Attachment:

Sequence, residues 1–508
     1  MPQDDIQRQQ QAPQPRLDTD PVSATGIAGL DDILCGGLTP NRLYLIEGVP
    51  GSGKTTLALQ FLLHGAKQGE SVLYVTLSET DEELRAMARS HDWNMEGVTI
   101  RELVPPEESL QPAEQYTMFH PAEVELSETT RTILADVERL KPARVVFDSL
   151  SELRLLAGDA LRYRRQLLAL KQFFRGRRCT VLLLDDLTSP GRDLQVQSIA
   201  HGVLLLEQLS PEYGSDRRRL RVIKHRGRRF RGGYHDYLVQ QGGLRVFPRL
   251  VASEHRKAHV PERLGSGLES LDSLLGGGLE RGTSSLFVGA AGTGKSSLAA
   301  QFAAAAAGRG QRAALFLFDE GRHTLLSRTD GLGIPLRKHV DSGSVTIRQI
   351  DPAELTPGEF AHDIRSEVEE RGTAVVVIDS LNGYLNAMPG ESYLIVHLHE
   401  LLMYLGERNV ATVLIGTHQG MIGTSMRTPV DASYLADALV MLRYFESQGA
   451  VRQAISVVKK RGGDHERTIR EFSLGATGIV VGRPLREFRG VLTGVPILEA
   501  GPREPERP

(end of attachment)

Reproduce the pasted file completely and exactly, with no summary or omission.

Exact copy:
Sequence, residues 1–508
     1  MPQDDIQRQQ QAPQPRLDTD PVSATGIAGL DDILCGGLTP NRLYLIEGVP
    51  GSGKTTLALQ FLLHGAKQGE SVLYVTLSET DEELRAMARS HDWNMEGVTI
   101  RELVPPEESL QPAEQYTMFH PAEVELSETT RTILADVERL KPARVVFDSL
   151  SELRLLAGDA LRYRRQLLAL KQFFRGRRCT VLLLDDLTSP GRDLQVQSIA
   201  HGVLLLEQLS PEYGSDRRRL RVIKHRGRRF RGGYHDYLVQ QGGLRVFPRL
   251  VASEHRKAHV PERLGSGLES LDSLLGGGLE RGTSSLFVGA AGTGKSSLAA
   301  QFAAAAAGRG QRAALFLFDE GRHTLLSRTD GLGIPLRKHV DSGSVTIRQI
   351  DPAELTPGEF AHDIRSEVEE RGTAVVVIDS LNGYLNAMPG ESYLIVHLHE
   401  LLMYLGERNV ATVLIGTHQG MIGTSMRTPV DASYLADALV MLRYFESQGA
   451  VRQAISVVKK RGGDHERTIR EFSLGATGIV VGRPLREFRG VLTGVPILEA
   501  GPREPERP